The Balance Of Pressure And Support In Raising Youth Athletes

Asia Mape
In Balance, Learn
By Asia Mape | January 18, 2018

The Balance Of Pressure And Support In Raising Youth Athletes

Dr. Jon Coles is the Associate Athletic Director at Ferris State University, a former Division 1 tennis player and father of two young sons playing five sports. He recently interviewed student athletes, playing different sports and from different socioeconomic backgrounds. He wanted to find out the effect their parents had on their sports lives.

 ILTWYP: How did this study come about?

Dr. Coles: I am concerned about the direction of youth sports in this country. Our participation rates are declining and because parents play such a major role in their child’s experience, I wanted to seek some answers from the true participants. I thought college athletes would be the perfect subjects as they are removed from their parents and are able to reflect, and they’re old enough to have seen a large spectrum of parenting styles.

 ILTWYP: What is the definition of support versus pressure?

Dr. Coles: The student athletes wanted to be pushed to try different sports as young children, but they didn’t want to be pushed when they were in high school. They felt pressured when their parents talked about needing a scholarship, or the investment they made, or when they were told they needed to practice more. I was most interested in the “how” and “why”. How did their parents support or pressure them and why do you think they acted the way they did?

Summary Of The Findings

#1 Those who thought they had the best youth experience had parents who didn’t play their sport.

The majority (I had one male who adamantly disagreed with this conclusion)…thought that if the parents know too much, they try to coach. In high school, they don’t want a parent who coaches. They want a parent who provides support and unconditional love. I had one female say, “I was much better off than my teammates, because my parents had absolutely no clue about my sport.”

#2 Moms are better than dads in stressful sporting situations.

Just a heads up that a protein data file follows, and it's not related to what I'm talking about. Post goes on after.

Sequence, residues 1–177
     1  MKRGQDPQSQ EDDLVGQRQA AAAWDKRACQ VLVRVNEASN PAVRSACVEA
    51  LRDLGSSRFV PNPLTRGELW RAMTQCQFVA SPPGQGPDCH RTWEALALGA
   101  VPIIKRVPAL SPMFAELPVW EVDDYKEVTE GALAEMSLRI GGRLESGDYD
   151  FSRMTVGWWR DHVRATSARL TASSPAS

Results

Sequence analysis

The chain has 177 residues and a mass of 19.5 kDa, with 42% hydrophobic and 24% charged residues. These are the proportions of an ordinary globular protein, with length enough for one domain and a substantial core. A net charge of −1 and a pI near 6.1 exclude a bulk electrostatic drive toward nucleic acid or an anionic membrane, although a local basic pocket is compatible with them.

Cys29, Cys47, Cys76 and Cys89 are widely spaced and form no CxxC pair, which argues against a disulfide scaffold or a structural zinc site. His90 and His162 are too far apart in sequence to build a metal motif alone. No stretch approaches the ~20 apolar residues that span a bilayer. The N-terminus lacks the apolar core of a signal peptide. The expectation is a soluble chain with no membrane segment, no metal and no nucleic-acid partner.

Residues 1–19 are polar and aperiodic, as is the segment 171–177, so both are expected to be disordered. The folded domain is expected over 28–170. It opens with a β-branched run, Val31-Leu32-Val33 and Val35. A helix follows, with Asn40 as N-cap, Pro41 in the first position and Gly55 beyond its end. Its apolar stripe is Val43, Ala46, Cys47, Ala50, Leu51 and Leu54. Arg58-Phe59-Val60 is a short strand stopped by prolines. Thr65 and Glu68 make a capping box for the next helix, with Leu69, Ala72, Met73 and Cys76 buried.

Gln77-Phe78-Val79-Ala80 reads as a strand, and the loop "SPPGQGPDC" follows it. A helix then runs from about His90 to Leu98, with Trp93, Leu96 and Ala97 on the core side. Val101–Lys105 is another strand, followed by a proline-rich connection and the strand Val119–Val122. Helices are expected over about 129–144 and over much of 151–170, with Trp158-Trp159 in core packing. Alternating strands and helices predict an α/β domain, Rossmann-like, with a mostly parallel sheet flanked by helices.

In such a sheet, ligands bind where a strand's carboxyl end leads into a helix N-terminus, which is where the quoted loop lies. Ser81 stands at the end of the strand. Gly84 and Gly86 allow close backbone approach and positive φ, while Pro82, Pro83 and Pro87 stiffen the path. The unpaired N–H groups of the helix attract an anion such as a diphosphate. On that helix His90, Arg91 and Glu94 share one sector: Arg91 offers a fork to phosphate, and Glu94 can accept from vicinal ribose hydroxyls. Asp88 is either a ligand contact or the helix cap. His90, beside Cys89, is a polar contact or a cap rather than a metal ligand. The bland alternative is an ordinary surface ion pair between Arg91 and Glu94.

In recruiting showcases, high level tournaments, generally speaking the dads want to coach and prepare their kids. Moms want them to try their best. Moms were a much more calming influence on the subjects than dads.

#3 Parents should be less involved as the sport becomes more serious.

They wanted their parents involved at the basic youth level when the goal was fun and participation. However, as they get to the 8th grade level and high school, when it’s becoming more serious, they don’t want as much “game talk” from parents.

 #4 Parents and their kids should have more meaningful discussions about goals.

 As a father, this hit home with me. They wanted their parents to know what their goals were at each level and how the parents could support them. Each participant remembered one specific serious sit-down discussion in which they told their parents about their goal of playing in college.

#5 Don’t dissect and discuss the game, unless the athlete initiates.

Particularly, when the student athletes were in high school, they (especially the women) did not enjoy talking about the actual game at dinner/post game. This is something that a lot of the experts have been saying for years and was reinforced by the participants. A female athlete said it best, “I don’t think my dad realized that I talk about the game during school, before the game, during the game, and after the game with my coach and teammates. At the end, I’m burned out. I don’t want to talk about it anymore.”

#6 Kids should play multiple sports growing up.

They were adamant about this. I had one participant whose father made her choose a sport in middle school and she burned out. She quit playing for over a year. She told her father that if she started playing again, that he couldn’t be involved.

#7 You can’t want it more than your child!

Over Involved Parents are ones who want it worse than the participants do.  Yes, all but one participant said this was a problem. If they want it more than the kids, they are too emotional about it. When the student athletes see the emotion, they get panicked and feel pressure.

#8 Student athletes can’t be manufactured.

Optimal parents support but don’t push. Collegiate student athletes can’t be manufactured. This should be the main takeaway for us parents. I had an amazing experience traveling the country getting scholarship money for a sport that I loved. However, it’s not for everybody. It may not be what my kids want and it’s important to realize that. Every single participant said that the drive that it takes to compete at the college level…not everyone has. It’s something in you that parents cannot create.

PRINTABLE VERSION: The Balance Of Pressure And Support In Raising Youth Athletes

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